A planning tool for eliminating human rabies deaths through mass dog vaccination

In 2016, the World Health Organization (WHO), the World Organization for Animal Health (OIE), the Food and Agriculture Organization (FAO), and many non-governmental organizations (NGOs) released a framework to achieve the joint goal of eliminating dog-mediated human rabies by 2030. But the goal requires overcoming substantial challenges. Dog-rabies endemic countries are at different stages in their control efforts; most countries have to overcome important hurdles, including limited public health infrastructure, competing health and social priorities, poor understanding of the local epidemiology, logistic and operational concerns, not enough trained vaccination personnel, and/or insufficient planning capabilities to project resources needed to run a successful dog-vaccination campaign.

Drawing from multiple datasets, including national dog vaccination campaigns, rabies literature, and expert opinion, researchers at the US Centers for Disease Control and Prevention (CDC) roughly estimated the resources needed to achieve the elimination of dog-mediated human rabies deaths by 2030, based on World Health Organization (WHO) recommendation of vaccinating 70% of the dog population for several years to eliminate dog rabies. Their aim was to describe the global rabies situation, highlighting some of the main challenges that may complicate elimination efforts in a consistent framework, the Global Dog Rabies Elimination Pathway (GDREP).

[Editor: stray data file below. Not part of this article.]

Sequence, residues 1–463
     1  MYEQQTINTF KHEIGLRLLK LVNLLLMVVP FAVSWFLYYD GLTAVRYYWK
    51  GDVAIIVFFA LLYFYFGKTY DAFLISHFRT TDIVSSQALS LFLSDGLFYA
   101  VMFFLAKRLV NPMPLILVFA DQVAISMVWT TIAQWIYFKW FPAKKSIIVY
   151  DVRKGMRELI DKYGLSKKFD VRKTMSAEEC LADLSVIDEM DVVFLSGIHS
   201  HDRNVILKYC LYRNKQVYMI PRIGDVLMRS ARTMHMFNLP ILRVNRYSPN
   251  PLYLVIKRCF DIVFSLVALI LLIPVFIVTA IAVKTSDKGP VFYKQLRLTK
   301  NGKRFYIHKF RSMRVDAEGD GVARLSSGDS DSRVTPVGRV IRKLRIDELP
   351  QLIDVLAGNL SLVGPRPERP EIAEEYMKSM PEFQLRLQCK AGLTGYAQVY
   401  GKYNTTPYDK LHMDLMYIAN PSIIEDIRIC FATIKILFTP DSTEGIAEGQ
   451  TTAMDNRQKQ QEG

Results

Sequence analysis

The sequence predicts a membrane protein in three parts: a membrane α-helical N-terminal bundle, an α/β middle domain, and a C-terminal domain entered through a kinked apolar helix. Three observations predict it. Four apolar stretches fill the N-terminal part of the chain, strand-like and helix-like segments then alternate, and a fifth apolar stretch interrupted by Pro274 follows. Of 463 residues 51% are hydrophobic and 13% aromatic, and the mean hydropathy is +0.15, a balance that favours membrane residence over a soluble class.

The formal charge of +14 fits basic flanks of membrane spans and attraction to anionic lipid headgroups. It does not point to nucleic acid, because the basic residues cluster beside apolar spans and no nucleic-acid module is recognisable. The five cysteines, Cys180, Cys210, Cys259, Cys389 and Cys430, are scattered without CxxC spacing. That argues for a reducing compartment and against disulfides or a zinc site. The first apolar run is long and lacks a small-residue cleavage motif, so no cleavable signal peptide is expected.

The GDREP focuses of four key factors that determine rabies elimination efforts: country development, cost of dog vaccination programs, potential demand for dog rabies vaccine, and available vaccinators. But while those global estimates may help stimulate and inform the ongoing discussion about rabies elimination, they may not help inform country-level decision making toward rabies elimination.

GDREP tool outputs. Reproduced from Undurraga et al. (2017), Emerging Infectious Diseases, 23 (12):2114-2116

The researchers have now addressed this limitation by making public the first of a series of user-friendly spreadsheet tools requiring only limited country-specific data, to assist countries in their planning efforts towards the goal of eliminating dog-rabies through mass dog vaccination. Specifically, this first planning tool helps users to estimate the time and overall costs required to achieve the elimination dog mediated human rabies deaths by 2030, based on the GDREP framework. Outputs from the planning tool allow programme managers to predict workload, budget and capacity needs for an elimination campaign (see figure).

To use the tool, users need to input demographic data (human population, percent urban, human-to-dog ratio), current dog vaccination coverage, logistic data for the campaigns (available vaccinators, dog vaccination rates, campaign duration), and an estimated cost per vaccinated dog. The tool provides default values based on publicly available data, but country-users can improve these input values based on local expertise and statistics.

The spreadsheet-based planning tool is available for download via the technical appendix here  and a collaboration with GARC has developed an online version of the same tool which can be accessed here.

Contributed by Eduardo A. Undurraga, part of the CDC team that developed the tool, now based at Pontificia Universidad Católica de Chile. More details about the use of the GDREP for global modelling are available here and about the planning tool here. GARC’s web developer, Andy Hebrank developed the online version of the tool.